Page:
In a comment published in The Lancet, a group of leading U.S. adolescent HIV providers and scientists called for comprehensive sex education in U.S. schools, among other measures, to help curb rising HIV rates among young people.
Donna Futterman, M.D., of Albert Einstein College of Medicine, Vincent Guilamo-Ramos, Ph.D., of New York University, and colleagues also recommended novel HIV testing approaches that target youths with limited access to health care and HIV care delivery systems geared toward teenagers and young adults.
Despite declining HIV diagnosis rates among the general population, HIV diagnoses increased 6% between 2012 and 2016 among all young people, and even more among Latino (+17%) and African-American (+9%) MSM, the authors said.
They noted that 18-29-year-olds are less likely to have health insurance than older people, and younger people's health records may be shared with their parents. For those under 18, parental consent may be required, e.g., for pre-exposure prophylaxis (PrEP).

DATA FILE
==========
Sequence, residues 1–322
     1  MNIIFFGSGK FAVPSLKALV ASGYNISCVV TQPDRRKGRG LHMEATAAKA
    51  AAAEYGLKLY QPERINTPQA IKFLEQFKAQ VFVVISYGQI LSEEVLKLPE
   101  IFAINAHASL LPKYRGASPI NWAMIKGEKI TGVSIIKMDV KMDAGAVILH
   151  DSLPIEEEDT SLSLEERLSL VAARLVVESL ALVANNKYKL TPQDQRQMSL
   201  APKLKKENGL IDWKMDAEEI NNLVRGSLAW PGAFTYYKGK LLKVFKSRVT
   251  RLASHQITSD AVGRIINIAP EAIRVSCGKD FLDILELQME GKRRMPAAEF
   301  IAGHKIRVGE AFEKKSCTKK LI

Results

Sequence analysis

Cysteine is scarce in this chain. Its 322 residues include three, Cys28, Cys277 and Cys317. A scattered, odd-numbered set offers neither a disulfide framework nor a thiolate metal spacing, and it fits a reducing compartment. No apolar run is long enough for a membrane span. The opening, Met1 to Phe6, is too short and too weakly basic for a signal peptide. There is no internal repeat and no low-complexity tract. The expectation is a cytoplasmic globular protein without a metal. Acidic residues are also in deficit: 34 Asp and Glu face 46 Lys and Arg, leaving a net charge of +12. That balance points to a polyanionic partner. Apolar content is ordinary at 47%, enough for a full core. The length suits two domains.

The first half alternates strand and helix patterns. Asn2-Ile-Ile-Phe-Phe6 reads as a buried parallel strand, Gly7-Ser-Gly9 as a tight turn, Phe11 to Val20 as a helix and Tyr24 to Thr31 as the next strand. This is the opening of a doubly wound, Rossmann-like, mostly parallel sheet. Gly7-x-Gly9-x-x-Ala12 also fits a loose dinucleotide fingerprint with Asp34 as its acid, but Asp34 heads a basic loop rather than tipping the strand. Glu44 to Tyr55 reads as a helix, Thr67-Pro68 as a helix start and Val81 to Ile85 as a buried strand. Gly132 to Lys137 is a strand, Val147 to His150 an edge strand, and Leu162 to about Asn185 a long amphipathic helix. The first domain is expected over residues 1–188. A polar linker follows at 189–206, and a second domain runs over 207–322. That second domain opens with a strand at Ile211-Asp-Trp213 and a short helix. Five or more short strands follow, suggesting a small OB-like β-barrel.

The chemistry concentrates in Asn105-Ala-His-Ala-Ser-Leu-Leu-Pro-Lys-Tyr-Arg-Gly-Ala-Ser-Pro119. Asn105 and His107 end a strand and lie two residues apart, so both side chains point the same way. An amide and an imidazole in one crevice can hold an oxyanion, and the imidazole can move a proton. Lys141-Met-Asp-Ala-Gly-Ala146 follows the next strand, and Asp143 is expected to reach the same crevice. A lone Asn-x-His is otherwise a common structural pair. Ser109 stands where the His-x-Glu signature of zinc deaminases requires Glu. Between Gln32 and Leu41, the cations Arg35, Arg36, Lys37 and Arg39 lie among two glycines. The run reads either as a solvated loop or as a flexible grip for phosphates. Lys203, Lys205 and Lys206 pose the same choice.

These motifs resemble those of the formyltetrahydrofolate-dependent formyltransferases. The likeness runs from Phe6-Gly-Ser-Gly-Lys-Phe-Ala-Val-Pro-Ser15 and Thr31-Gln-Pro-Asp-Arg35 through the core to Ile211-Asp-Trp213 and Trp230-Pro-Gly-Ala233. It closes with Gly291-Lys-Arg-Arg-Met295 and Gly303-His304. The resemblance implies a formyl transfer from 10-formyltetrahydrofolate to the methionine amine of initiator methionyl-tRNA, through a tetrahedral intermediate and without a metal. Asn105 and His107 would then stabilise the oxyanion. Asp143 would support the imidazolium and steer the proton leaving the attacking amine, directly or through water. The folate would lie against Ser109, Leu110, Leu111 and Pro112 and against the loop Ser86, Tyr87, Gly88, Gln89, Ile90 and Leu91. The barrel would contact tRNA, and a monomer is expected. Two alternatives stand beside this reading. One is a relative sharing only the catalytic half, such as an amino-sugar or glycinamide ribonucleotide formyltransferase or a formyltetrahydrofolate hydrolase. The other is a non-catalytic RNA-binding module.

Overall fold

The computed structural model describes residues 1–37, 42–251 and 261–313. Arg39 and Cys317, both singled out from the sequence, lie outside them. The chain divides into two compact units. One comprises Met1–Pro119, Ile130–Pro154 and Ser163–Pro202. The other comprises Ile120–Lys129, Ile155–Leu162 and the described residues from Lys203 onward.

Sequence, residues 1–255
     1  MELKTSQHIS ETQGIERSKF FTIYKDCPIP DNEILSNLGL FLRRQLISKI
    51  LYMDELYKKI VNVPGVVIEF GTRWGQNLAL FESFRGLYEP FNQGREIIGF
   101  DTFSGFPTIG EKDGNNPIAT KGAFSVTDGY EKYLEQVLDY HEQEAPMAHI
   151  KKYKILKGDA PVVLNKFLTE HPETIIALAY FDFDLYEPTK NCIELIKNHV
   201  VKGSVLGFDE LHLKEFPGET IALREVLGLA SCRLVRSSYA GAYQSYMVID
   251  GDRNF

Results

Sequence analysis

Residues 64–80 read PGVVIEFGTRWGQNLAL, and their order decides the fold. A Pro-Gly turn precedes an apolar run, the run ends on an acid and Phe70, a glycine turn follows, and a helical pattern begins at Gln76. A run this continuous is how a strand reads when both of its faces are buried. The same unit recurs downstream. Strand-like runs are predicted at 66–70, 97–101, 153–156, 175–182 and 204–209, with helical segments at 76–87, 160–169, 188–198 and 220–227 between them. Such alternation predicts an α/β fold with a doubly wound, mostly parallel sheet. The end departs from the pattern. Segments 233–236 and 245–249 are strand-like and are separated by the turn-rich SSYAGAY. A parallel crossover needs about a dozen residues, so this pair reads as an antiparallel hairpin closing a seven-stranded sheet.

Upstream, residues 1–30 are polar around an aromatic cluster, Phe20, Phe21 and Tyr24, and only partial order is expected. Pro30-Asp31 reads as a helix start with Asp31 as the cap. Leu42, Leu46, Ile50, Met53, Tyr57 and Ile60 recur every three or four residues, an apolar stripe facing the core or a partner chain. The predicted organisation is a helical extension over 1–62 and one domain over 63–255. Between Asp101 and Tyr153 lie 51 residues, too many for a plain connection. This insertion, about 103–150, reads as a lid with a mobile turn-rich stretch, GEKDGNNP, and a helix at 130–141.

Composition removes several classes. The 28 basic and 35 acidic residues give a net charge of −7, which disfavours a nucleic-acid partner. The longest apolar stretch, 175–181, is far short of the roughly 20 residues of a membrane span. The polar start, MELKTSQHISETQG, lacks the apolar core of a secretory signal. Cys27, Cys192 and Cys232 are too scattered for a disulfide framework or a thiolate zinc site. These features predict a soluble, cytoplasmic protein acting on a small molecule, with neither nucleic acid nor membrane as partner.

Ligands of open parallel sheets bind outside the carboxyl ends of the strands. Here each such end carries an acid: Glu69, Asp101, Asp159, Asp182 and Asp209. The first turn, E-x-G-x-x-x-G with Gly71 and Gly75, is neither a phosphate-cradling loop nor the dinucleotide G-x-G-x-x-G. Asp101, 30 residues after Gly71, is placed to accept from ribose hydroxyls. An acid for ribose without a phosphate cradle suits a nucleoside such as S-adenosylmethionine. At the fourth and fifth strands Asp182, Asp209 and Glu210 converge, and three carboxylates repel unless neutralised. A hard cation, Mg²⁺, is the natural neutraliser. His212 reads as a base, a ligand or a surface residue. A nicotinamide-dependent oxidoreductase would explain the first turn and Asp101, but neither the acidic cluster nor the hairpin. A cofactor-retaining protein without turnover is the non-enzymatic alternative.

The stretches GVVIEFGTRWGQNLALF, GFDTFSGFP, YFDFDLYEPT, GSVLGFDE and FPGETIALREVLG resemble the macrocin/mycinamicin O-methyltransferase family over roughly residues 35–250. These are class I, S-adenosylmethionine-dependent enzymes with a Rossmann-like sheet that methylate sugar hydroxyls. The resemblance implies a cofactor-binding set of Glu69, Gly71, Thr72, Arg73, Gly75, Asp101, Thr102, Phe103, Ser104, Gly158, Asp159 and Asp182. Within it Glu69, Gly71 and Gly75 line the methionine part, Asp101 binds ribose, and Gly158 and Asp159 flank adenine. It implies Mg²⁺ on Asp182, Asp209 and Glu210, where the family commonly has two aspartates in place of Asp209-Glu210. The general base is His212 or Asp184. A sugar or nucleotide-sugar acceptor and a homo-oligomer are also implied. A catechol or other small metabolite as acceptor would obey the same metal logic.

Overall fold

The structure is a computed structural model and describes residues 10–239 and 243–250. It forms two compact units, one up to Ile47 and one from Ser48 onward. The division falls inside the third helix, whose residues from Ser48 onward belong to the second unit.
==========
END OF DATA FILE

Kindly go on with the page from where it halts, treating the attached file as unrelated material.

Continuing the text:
Furthermore, the authors warned that experiences of racist, homophobic, or transphobic stigma and discrimination may cause LGBTQ people of color to distrust the health care system. "National efforts should prioritise differentiated and youth-friendly HIV prevention models, and address social determinants shaping engagement and retention in prevention services among adolescents and young adults," they concluded.